This kind of lunatic ranting should not be surprising, because as my good friend Werther recently explained, the triumph of the will over the intellect is an example of the Right Wing’s historic preference for emotion over reason. This kind of ranting also sets the stage for a future stab in the back argument that blames Obama for losing what was in reality a collosal Bush screw up.

Of course, the histrionics of Brooks and Gerson do not come close to rivaling the emotive power of the torchlight Nuremberg parades immortalized by Leni Reifenstahl in her artistic classic, “The Triumph of the Will.” But the feebleness of their imitation makes it all the more pathetic when a man as intelligent as Barack Obama, a gifted speaker who has all the advantages of the bully pulpit together with the awesome status of commander-in-chief, lacks the moral courage to lift his nation out of their kind of darkness into light of reason.

FRANKLIN SPINNEY is a former military analyst for the Pentagon. He currently lives on a sailboat in the Mediterranean and can be reached at chuck_spinney@mac.com


More articles by:

Franklin “Chuck” Spinney is a former military analyst for the Pentagon and a contributor to Hopeless: Barack Obama and the Politics of Illusion, published by AK Press. He be reached at chuck_spinney@mac.com

March 19, 2018
Henry Heller
The Moment of Trump
John Davis
Pristine Buildings, Tarnished Architect
Uri Avnery
The Fake Enemy
Patrick Cockburn
The Fall of Afrin and the Next Phase of the Syrian War
Nick Pemberton
The Democrats Can’t Save Us
Nomi Prins 
Jared Kushner, RIP: a Political Obituary for the President’s Son-in-Law
Georgina Downs
The Double Standards and Hypocrisy of the UK Government Over the ‘Nerve Agent’ Spy Poisoning
Dean Baker
Trump and the Federal Reserve
Colin Todhunter
The Strategy of Tension Towards Russia and the Push to Nuclear War
Kevin Zeese - Margaret Flowers
US Empire on Decline
Ralph Nader
Ahoy America, Give Trump a Taste of His Own Medicine Starting on Trump Imitation Day
Robert Dodge
Eliminate Nuclear Weapons by Divesting from Them
Laura Finley
Shame on You, Katy Perry
Weekend Edition
March 16, 2018
Friday - Sunday
Michael Uhl
The Tip of the Iceberg: My Lai Fifty Years On
Bruce E. Levine
School Shootings: Who to Listen to Instead of Mainstream Shrinks
Mel Goodman
Caveat Emptor: MSNBC and CNN Use CIA Apologists for False Commentary
Paul Street
The Obama Presidency Gets Some Early High Historiography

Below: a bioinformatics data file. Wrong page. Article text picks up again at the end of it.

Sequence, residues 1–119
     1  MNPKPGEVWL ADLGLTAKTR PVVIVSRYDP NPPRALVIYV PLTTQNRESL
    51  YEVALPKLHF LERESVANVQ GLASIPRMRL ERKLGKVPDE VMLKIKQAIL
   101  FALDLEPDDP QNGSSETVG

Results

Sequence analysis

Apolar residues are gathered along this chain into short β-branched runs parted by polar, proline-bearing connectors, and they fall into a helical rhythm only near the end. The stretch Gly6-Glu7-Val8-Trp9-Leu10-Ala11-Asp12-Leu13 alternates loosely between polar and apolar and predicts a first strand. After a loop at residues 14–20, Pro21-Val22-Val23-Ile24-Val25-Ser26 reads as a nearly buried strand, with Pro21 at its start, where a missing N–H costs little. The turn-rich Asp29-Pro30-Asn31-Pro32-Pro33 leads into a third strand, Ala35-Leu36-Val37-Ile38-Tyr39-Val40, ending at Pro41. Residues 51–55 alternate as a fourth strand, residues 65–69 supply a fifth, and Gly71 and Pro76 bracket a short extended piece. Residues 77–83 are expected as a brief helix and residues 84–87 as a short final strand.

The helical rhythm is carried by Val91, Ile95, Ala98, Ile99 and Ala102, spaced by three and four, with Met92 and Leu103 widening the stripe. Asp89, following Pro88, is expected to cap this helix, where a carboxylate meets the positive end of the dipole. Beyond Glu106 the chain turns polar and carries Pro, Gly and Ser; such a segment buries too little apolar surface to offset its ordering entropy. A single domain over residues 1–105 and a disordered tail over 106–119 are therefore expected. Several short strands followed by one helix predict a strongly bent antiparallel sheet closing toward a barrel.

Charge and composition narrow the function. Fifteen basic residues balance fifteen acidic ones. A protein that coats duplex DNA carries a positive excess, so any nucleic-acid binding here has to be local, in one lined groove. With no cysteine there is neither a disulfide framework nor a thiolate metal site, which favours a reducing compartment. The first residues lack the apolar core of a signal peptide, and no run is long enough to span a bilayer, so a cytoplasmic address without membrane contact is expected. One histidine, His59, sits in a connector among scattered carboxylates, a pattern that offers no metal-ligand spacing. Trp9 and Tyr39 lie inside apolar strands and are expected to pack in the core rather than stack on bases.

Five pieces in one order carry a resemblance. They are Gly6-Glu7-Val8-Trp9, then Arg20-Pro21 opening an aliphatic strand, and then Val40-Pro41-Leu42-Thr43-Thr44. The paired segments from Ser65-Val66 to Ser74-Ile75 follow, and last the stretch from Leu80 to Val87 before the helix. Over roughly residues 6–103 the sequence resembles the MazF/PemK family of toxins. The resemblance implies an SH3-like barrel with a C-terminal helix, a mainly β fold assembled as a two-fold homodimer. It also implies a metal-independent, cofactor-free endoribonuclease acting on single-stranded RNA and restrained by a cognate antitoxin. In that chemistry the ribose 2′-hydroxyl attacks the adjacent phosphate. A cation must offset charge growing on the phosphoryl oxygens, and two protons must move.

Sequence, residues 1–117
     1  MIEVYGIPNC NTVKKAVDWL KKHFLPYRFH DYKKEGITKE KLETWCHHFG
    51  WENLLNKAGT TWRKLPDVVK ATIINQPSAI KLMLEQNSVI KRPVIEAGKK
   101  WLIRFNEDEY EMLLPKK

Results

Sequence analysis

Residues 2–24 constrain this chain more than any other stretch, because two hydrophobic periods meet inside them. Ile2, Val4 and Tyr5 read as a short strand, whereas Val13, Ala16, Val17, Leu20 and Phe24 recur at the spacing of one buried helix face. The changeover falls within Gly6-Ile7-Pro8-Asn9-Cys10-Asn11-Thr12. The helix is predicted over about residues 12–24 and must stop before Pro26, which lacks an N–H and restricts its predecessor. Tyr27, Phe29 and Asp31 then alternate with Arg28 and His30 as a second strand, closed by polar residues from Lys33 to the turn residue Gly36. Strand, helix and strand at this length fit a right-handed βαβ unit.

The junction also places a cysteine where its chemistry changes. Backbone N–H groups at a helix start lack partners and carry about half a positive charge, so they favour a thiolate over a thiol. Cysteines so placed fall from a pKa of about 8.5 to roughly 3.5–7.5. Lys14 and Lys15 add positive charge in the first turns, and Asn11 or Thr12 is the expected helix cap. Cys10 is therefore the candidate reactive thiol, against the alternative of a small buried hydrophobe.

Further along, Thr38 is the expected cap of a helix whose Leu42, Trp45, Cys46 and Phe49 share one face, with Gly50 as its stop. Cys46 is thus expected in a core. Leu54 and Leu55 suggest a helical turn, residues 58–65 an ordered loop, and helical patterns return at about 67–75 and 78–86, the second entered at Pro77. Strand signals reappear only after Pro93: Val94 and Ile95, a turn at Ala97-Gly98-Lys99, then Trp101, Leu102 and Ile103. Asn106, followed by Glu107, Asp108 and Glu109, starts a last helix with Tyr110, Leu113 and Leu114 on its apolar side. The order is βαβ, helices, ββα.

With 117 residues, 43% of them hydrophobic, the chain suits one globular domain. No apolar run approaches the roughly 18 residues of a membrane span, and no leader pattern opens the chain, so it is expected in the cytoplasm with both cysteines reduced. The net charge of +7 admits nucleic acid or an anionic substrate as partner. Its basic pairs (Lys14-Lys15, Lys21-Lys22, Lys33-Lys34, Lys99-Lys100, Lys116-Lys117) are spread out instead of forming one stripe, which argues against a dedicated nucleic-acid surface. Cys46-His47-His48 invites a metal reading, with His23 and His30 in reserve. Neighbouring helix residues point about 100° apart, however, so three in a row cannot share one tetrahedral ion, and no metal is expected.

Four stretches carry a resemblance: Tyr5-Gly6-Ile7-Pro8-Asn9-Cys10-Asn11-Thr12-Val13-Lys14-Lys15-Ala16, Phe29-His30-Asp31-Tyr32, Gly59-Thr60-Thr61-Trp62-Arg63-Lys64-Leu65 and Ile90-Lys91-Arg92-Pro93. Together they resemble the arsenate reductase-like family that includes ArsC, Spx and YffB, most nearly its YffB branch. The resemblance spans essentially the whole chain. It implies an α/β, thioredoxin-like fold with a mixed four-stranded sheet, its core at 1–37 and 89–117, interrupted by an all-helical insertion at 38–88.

Kathy Deacon
Me, My Parents and Red Scares Long Gone
Jeffrey St. Clair
Roaming Charges: Rexless Abandon
Andrew Levine
Good Enemies Are Hard To Find: Therefore Worry
Jim Kavanagh
What to Expect From a Trump / Kim Summit
Ron Jacobs
Trump and His Tariffs
Joshua Frank
Drenched in Crude: It’s an Oil Free For All, But That’s Not a New Thing
Gary Leupp
What If There Was No Collusion?
Matthew Stevenson
Why Vietnam Still Matters: Bernard Fall Dies on the Street Without Joy
Robert Fantina
Bad to Worse: Tillerson, Pompeo and Haspel
Brian Cloughley
Be Prepared, Iran, Because They Want to Destroy You
Richard Moser
What is Organizing?
Scott McLarty
Working Americans Need Independent Politics
Rohullah Naderi
American Gun Violence From an Afghan Perspective
Sharmini Peries - Michael Hudson
Why Trump’s Tariff Travesty Will Not Re-Industrialize the US
Ted Rall
Democrats Should Run on Impeachment
Robert Fisk
Will We Ever See Al Jazeera’s Investigation Into the Israel Lobby?
Kristine Mattis
Superunknown: Scientific Integrity Within the Academic and Media Industrial Complexes
John W. Whitehead
Say No to “Hardening” the Schools with Zero Tolerance Policies and Gun-Toting Cops
Edward Hunt
UN: US Attack On Syrian Civilians Violated International Law
Barbara Nimri Aziz
Iraq Outside History
Wilfred Burchett
Vietnam Will Win: The Long Hard Road
Victor Grossman
Germany: New Faces, Old Policies
Medea Benjamin - Nicolas J. S. Davies
The Iraq Death Toll 15 Years After the US Invasion
Binoy Kampmark
Amazon’s Initiative: Digital Assistants, Home Surveillance and Data
Chuck Collins
Business Leaders Agree: Inequality Hurts The Bottom Line
Jill Richardson
What We Talk About When We Talk About “Free Trade”
Eric Lerner – Jay Arena
A Spark to a Wider Fire: Movement Against Immigrant Detention in New Jersey
Negin Owliaei
Teachers Deserve a Raise: Here’s How to Fund It